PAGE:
Reverse differential cyanosis

Reverse differential cyanosis

Uniform central cyanosis is cyanosis of both upper and lower limbs along with cyanosis of lips and tongue. In differential cyanosis, there is cyanosis of lower limbs without cyanosis of upper limbs. This occurs typically in patent ductus arteriosus with reversal of shunt due to severe pulmonary hypertension. In a neonate differential cyanosis can occur due to persistent pulmonary hypertension, aortic arch hypoplasia, interrupted aortic arch, critical coarctation, and critical aortic stenosis with patent ductus arteriosus [1]. Reverse differential cyanosis with cyanosis of upper limbs and no cyanosis of lower limbs occurs in more complex congenital heart diseases.

Reverse differential cyanosis can occur in complete transposition of great arteries or Taussig-Bing anomaly with reversal of ductal flow due to severe pulmonary hypertension. Taussig Bing anomaly is double outlet right ventricle with subpulmonic ventricular septal defect along with transposition of the aorta to the right ventricle and malposition of the pulmonary artery. Reversal of ductal flow can also occur if there is a pre-ductal coarctation or interruption of aortic arch as the descending aortic pressure is low and below that of the pulmonary artery. In all these situations saturated blood from the left ventricle is pumped into the pulmonary artery and into the descending aorta across the patent ductus arteriosus. Desaturated right ventricular blood is pumped into the aorta and reaches the upper limbs, head and neck [2,3].

Another very rare situation in which reverse differential cyanosis has been reported is a supracardiac total anomalous pulmonary venous connection with streaming of highly saturated superior vena caval blood into the right ventricle. It was pumped into the pulmonary artery and across a patent ductus arteriosus into the descending aorta in a neonate. Desaturated inferior vena caval blood was streaming to the left atrium across the atrial septal defect. Hence desaturated blood reached the upper limbs through the left ventricle and aorta, producing reverse differential cyanosis [4].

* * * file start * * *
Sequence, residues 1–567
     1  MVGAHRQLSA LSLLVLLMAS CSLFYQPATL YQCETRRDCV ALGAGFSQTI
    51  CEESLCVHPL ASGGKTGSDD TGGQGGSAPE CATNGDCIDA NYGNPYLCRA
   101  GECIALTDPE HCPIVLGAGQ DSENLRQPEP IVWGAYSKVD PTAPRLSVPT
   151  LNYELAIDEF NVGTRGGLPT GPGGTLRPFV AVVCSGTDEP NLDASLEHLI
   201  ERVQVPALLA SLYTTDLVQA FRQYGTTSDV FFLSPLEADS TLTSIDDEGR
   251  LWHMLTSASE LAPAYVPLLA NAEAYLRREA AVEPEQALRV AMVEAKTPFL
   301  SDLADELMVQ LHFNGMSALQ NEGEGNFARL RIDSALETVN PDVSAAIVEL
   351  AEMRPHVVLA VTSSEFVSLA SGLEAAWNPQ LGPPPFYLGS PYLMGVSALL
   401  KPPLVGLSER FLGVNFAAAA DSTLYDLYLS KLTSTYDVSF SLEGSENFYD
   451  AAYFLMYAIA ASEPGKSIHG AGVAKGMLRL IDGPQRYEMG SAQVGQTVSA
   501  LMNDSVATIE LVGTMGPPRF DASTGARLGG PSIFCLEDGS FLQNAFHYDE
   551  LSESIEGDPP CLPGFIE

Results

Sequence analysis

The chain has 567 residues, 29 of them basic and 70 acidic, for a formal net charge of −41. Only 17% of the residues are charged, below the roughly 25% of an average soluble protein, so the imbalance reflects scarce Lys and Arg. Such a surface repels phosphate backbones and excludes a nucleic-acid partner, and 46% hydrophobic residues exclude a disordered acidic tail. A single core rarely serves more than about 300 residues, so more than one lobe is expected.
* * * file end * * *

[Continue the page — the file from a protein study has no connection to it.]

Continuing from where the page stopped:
Critical aortic stenosis and hypoplastic aortic arch can cause reversed flow from pulmonary artery through a patent ductus arteriosus into the descending aorta. Some such cases may have pink acyanotic right arm with cyanosis of left arm and legs [2]. This is because left subclavian is in the low pressure zone beyond the aortic obstruction. Hence it is usual to check saturation in the right upper limb rather than the left upper limb along with lower limbs while assessing differential cyanosis. A better way would be to check oxygen saturation in all four limbs in the neonate.

Reverse differential cyanosis in a newborn has been considered as a treatable cardiac emergency [4]. Initial management is with oxygen and prostaglandin E1 infusion to maintain ductal patency. Atrial septostomy is useful in enhancing the mixing at the atrial level and thereby improving systemic oxygen saturation. Pulmonary hypertension can be relieved by nitric oxide inhalation and bosentan. Some of the very sick neonates may need extracorporeal membrane oxygenation (ECMO) support. These neonates are taken up for arterial switch operation soon after stabilization. Repair of other associated defects are also needed.


  1. Singh J, Singh A. Differential cyanosis. Am J Med. 2013 Oct;126(10):e9. doi: 10.1016/j.amjmed.2013.03.014. PMID: 24054964.
  2. Hipona FA, Sanyal SK. Differential cyanosis in congenital heart disease. J Pediatr. 1968 Feb;72(2):194-200. doi: 10.1016/s0022-3476(68)80308-7. PMID: 5638144.
  3. Srinivasan S, Sivakumar K. 50 Years Ago in The Journal of Pediatrics: Differential Cyanosis in Congenital Heart Disease. J Pediatr. 2018 Feb;193:210. doi: 10.1016/j.jpeds.2017.09.019. PMID: 29389448.
  4. Yap SH, Anania N, Alboliras ET, Lilien LD. Reversed differential cyanosis in the newborn: a clinical finding in the supracardiac total anomalous pulmonary venous connection. Pediatr Cardiol. 2009 Apr;30(3):359-62. doi: 10.1007/s00246-008-9314-0. Epub 2008 Oct 16. PMID: 18923862.
  5. Martin TC. Reverse Differential Cyanosis: A Treatable Newborn Cardiac Emergency. Neoreviews (2011) 12 (5): e270–e273.